Mr. Frank Field (Birkenhead) (Lab): They are clearly not going to vote.
Mr. Garnier: Nor will we be put off from making the arguments; even if, as the right hon. Member for Birkenhead correctly said, we will not be pressing the matter to a Division. If, Mr. Cummings, you would like me to pause for a few minutes while Labour Members clear up their papers and Christmas cards—or whatever it is that they may be concentrating on—so that they can leave the room, I will gladly do so. We do not resist or oppose this measure. The Rehabilitation of Offenders Act 1974 was a progressive piece of legislation, which has done a good deal to enable offenders with long-passed convictions to reintegrate into society, having paid their dues. It is necessary to have some exceptions to the general rule that offences should be wiped off the record and the further exceptions for which this order provides are reasonable and understandable, particularly those concerning the 2006 Act.
The Bichard report made a number of recommendations, as the Minister alluded to, but why has it taken so long for this recommendation from the Bichard report to come to fruition? It was published a long time ago. The police computer system has not, as far as I know, been improved to meet the report’s concerns, and it should have been. In Scotland, the police computer system is able to talk to police forces right across Scotland, whereas in England and Wales, the system is altogether more haphazard. While this is an acceptable and, indeed, welcome measure, there is so much more from the Bichard report that needs to be done and has not been.
If this statutory instrument extends the exceptions to the Channel Islands, can the Minister tell me why paragraph 5 of the explanatory note, while it says the truth, does not say the whole truth? It says:
“This instrument applies to England and Wales”.
Surely it should say: “This instrument applies to England, Wales and the Channel Islands”.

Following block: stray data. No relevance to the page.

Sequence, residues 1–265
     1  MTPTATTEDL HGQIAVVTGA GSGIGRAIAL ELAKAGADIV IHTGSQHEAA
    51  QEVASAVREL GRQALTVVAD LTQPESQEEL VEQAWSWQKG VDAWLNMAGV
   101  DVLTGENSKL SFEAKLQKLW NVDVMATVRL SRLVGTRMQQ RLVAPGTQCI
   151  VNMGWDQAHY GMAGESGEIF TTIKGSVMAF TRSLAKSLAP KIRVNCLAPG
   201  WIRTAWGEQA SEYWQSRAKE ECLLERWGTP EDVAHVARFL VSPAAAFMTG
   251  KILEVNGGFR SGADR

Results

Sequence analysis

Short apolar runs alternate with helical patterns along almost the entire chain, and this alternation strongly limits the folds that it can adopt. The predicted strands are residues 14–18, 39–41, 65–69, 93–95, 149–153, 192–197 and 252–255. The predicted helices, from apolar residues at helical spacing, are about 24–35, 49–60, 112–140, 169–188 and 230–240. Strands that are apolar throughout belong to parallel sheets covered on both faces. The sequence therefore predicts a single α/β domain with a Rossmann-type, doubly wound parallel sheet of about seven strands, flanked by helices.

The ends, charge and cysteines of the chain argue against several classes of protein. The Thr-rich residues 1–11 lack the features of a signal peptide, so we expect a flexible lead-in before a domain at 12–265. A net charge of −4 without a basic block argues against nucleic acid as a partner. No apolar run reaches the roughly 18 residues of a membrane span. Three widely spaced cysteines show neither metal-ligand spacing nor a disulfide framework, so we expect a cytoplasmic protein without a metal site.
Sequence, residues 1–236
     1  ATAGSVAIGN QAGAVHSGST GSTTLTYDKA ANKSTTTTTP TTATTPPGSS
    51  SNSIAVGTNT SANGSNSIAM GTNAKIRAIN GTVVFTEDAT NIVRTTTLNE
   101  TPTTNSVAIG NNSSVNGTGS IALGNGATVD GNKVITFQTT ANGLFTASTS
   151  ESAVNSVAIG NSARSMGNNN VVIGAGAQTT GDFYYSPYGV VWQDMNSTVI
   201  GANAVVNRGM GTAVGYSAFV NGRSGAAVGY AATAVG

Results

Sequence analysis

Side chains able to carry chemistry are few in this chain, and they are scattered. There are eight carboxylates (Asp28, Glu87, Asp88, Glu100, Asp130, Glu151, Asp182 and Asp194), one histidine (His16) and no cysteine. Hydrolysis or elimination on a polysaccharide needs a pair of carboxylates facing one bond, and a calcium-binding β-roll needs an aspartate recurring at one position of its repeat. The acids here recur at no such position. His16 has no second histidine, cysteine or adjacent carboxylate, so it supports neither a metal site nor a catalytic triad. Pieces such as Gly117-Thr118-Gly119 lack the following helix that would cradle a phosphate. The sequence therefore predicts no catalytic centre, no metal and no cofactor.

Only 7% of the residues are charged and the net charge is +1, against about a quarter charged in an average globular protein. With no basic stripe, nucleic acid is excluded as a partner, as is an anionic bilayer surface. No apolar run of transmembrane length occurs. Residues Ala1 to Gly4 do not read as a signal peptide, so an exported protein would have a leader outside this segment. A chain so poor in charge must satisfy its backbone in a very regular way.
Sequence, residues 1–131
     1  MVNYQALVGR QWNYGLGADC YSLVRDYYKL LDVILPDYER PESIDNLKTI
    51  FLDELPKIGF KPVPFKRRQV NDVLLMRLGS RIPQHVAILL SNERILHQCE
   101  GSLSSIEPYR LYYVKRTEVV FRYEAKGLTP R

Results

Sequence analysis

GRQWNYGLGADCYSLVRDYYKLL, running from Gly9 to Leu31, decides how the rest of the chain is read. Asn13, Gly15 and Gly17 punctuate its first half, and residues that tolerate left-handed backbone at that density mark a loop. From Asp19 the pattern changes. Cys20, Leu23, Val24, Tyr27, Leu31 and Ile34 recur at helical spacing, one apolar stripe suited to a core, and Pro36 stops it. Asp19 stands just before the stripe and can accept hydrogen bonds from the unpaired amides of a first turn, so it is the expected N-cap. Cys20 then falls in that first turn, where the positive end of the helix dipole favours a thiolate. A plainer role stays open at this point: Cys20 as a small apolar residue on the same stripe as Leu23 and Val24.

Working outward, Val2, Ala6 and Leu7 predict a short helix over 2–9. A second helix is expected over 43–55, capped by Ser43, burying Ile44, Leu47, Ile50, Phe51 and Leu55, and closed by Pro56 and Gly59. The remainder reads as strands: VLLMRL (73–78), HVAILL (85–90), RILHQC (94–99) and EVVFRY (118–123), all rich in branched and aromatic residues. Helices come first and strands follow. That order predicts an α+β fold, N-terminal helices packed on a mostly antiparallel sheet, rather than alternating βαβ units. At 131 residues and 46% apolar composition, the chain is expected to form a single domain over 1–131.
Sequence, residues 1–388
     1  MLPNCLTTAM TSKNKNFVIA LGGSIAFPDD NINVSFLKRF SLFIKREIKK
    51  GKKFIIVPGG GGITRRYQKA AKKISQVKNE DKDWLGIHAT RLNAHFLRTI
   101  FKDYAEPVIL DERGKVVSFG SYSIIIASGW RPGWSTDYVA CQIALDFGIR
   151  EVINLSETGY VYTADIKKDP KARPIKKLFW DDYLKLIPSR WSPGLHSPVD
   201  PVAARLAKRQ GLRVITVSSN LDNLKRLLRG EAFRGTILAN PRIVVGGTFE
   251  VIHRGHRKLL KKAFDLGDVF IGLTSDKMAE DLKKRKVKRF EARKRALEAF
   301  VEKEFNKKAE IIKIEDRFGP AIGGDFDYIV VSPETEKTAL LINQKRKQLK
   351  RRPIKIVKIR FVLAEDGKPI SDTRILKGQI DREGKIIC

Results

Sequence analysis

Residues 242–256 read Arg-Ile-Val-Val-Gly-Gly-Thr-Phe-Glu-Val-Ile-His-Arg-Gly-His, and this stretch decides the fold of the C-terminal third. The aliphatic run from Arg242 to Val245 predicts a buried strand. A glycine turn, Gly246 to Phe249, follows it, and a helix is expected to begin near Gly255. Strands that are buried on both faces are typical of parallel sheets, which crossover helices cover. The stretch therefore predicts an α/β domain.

Two further issues, which the Minister partly touched on, relate to this debate. First, the Criminal Records Bureau is an extremely important, but none the less bureaucratic organisation. In my constituency, I have had people who have tried to get themselves cleared by the CRB but found that that process takes a very long time indeed. We need to make sure, while the systems are safe and the information held by the CRB is accurate and up-to-date, that it is processed at much greater speed. Of course we need processes and procedures, of course we need protocols, but they should not be so slow as to be off-putting and annoying and create inabilities for nursery schools and others, for example, to employ people as quickly as they need.
Secondly and finally, although this is not the opportunity for such a debate, will the Government arrange, at some stage, a more general debate on the rehabilitation of offenders? Far too many ex-prisoners are unable to get a job because of their criminal past and in some cases that is entirely right. It is certainly not right that someone who is guilty of a sex crime should be employed where his activities may restart. It is clearly right that those who have been found guilty of fraud should not be given opportunities to carry out those crimes on a future occasion. There are, however, plenty of people who have been convicted and sentenced and have even served custodial sentences, who are, in my view, being wrongly denied access to employment.
We need, at some stage—the sooner, the better—to adjust the 1974 Act to enable ex-offenders to get into the jobs market, because as we all know, and it cannot be controversial, those who come out of prison and can get a place to live, get a job and restore the family relationships that they enjoyed prior to their sentence, are far less likely to commit further offences. If there is one thing we can agree on across this Chamber, it is that the reoffending rate is far too high and needs to come down, and that and any future Government need to create instruments to bring it down. On that basis, I welcome this measure.